can produce a hard, waterproof soot layer that is very resistant to breakdown. The
oldest pottery in North America from the southeastern USA has evidence of this
type of soot suggesting that it is very resistant to various forms of bioturbation
(Beck et al. 2002; Sassaman 1993; Skibo 2013).
10 Pottery Use-Alteration Analysis 191

The third patch on the exterior of vessels is really the absence of soot, which
occurs because soot cannot form on surfaces as they approach 400 °C. If soot was
deposited in an early cooking episode, it will burn away when subject to high tem-
peratures. This patch can vary from a light gray area to an area that is completely
The temperature of the ceramic surface is the key variable in the deposition of
the different types and patches of exterior soot. There are a number of factors that
can control the temperature of the ceramic surface that include the distance of the
vessel above the flames, presence of water in the vessel, type of wood, and hearth
design. The presence of water in the vessel is especially an important factor as it
can, in many types of cooking, keep the temperature of the ceramic surface cool
enough, so that soot can be deposited. Consequently, with many types of low-fired
wares water will permeate into the vessel wall and keep the ceramic surface rela-
tively cool so that soot can be deposited. Thus pots used for boiling, for example,
may be sooted on the base, whereas pots used in the absence of water, as in roasting
or cases in which water is boiled off, the ceramic surface will get to temperatures
approaching 400 °C and no soot will be deposited.
Carbonization on the interior of vessels is caused by the charring of food. Charred
food can either lay on the surface as encrustations, or carbonize within the ceramic
surface itself. Encrustations of charred food often times extend to the exterior of
the vessels as a result of boil-overs. Although both types of internal carbonizations
are important and can be useful for inferring vessel function, encrustations are far
less common and much more prone to removal in the depositional environment.
Nonetheless, when encrustations are found they can be important as they can be
useful for inferring cooking behavior and can be linked to what was being cooked
(see Malainey 2011). The processes that form internal carbonizations, however, are
the same whether they are found within the vessel wall or laying on the surface as
The temperature of the ceramic surface is the primary factor controlling the de-
position of internal carbonization as the vessel wall must reach between 300 and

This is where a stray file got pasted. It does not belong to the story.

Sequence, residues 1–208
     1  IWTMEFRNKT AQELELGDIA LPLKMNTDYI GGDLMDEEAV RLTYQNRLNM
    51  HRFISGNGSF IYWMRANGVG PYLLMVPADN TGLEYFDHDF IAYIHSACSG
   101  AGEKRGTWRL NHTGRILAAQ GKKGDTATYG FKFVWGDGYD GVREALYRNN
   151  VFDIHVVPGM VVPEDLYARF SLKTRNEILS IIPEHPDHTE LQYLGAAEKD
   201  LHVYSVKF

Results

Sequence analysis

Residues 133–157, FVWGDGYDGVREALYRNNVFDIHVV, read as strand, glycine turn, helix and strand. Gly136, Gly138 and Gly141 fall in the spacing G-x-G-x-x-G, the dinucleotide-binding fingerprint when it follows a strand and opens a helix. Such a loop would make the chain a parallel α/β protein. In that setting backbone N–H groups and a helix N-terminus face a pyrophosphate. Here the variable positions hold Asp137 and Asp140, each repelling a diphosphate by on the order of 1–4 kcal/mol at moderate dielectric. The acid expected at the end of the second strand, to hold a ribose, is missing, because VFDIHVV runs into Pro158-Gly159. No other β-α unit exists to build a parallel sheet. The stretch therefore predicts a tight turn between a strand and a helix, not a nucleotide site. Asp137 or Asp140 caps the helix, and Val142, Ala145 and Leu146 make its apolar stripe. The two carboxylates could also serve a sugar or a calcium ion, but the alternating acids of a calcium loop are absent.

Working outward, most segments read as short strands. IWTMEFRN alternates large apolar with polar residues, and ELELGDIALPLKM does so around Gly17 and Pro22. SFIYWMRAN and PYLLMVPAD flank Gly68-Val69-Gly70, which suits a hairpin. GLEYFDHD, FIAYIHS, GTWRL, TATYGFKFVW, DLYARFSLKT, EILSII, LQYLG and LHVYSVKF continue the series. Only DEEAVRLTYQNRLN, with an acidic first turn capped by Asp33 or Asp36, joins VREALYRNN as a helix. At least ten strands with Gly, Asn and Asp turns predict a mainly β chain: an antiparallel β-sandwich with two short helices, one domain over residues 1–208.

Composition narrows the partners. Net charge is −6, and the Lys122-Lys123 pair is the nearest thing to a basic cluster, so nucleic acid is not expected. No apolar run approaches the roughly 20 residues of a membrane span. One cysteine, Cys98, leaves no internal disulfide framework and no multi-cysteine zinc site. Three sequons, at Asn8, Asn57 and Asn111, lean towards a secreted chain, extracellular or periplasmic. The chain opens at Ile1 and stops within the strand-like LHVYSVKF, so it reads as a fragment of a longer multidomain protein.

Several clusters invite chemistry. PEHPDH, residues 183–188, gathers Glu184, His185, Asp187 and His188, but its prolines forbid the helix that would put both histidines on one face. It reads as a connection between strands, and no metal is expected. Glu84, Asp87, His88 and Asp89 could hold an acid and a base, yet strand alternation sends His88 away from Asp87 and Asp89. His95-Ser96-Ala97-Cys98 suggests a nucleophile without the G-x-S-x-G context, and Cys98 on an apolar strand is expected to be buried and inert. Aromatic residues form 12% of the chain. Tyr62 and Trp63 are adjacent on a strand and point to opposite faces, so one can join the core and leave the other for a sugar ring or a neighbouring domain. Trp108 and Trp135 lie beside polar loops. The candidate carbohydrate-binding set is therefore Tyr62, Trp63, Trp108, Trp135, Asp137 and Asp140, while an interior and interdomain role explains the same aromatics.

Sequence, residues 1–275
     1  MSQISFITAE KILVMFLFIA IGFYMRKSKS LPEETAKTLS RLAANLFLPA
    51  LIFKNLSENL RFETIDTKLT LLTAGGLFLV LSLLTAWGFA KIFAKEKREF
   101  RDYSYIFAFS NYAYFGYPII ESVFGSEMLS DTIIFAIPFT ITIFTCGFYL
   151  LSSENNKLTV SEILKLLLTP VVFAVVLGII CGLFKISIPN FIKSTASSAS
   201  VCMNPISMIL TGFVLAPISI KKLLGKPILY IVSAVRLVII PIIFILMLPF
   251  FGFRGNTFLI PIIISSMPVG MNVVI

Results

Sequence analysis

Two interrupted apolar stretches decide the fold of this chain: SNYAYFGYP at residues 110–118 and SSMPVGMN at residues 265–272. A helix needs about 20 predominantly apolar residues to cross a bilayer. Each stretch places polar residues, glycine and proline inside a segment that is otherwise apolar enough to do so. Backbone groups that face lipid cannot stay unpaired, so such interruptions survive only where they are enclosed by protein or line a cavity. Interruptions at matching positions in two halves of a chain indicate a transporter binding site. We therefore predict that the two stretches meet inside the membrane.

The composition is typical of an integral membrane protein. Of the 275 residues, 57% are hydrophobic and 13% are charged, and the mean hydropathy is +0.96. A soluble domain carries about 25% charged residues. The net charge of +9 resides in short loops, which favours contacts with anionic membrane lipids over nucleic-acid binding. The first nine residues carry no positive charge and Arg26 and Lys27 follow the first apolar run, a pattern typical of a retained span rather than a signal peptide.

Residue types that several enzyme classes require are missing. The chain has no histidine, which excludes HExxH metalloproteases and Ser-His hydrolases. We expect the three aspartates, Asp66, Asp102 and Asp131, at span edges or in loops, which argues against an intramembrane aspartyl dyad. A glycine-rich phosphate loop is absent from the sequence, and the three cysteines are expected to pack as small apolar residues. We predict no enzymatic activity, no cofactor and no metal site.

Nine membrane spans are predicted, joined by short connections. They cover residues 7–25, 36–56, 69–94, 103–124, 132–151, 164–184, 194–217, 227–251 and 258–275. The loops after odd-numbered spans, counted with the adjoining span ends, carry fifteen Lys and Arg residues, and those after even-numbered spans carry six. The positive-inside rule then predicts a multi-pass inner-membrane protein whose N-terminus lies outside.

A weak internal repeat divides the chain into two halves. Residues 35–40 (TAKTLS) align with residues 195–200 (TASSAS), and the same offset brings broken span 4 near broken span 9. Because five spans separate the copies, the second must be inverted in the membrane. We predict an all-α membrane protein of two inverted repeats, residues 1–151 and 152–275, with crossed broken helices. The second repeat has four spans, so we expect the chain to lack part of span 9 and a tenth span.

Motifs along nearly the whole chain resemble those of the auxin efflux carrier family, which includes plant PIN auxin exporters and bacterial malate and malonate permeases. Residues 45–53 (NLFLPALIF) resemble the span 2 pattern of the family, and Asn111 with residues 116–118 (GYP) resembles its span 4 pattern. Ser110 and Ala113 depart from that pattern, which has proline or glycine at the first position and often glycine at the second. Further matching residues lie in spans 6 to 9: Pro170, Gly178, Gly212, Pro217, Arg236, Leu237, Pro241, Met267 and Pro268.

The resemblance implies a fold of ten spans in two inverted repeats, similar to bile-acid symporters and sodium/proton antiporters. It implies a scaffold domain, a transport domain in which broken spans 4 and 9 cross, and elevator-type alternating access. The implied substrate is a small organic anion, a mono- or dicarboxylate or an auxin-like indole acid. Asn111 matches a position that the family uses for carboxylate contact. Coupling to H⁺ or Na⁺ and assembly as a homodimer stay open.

400 °C for food particles to char. If cooking is done in the wet mode (boiling) car-
bonization will not occur below the water line as the temperature of the interior
surface will not go much beyond 100 °C. But just above the water line, where food
particles and fats can adhere to the vessel wall, the temperatures will exceed 300 °C
and carbonization will occur. If the pots are permeable, which often occurs in low-
fired cooking pots, food particles and fats can be transported into the vessel wall
where they will be carbonized. This type of internal carbonization has great perma-
nence as it becomes part of the vessel wall. A ring of carbonization at the water line
is a signature trace of vessels used to cook in the wet mode.
In the dry cooking mode, as in roasting or in cases where water is completely re-
moved from the contents, the surface temperatures on the interior of the vessel will
exceed 300 °C and carbonization will occur. This type of carbonization, however,
will not penetrate the surface as described above.
192 J. M. Skibo

10.3.2 Recording External and Internal Carbonization

There is certainly a great deal of ceramic diversity in prehistory and no analytic

strategy can be devised that could accommodate this diversity. Consequently, each
ceramic analyst must devise a strategy unique to their collections and research ques-
tions. With that said, there are some common factors that should be employed when
conducting an analysis of carbonization traces.
The first important point for recording carbonization patterns is that the analysis
should start with whole vessels if possible. Whole and reconstructable vessels are
often a rare commodity in a region, so I do not mean to imply that this analysis can
only be done with such collections. The point here is that these vessels should be
consulted if available and partially reconstructable vessels or large sherds should be
analyzed first. The analysis should start with the largest fragments in the collection
preferably from each size and morphological class.
There can be a great deal of variability in internal carbonization and sooting
traces. The good news for the analyst is that we are concerned not with idiosyncratic
sooting patches but rather general patterns. I have found that sketches are the best
way to quickly and accurately record carbonization on whole vessels. There is a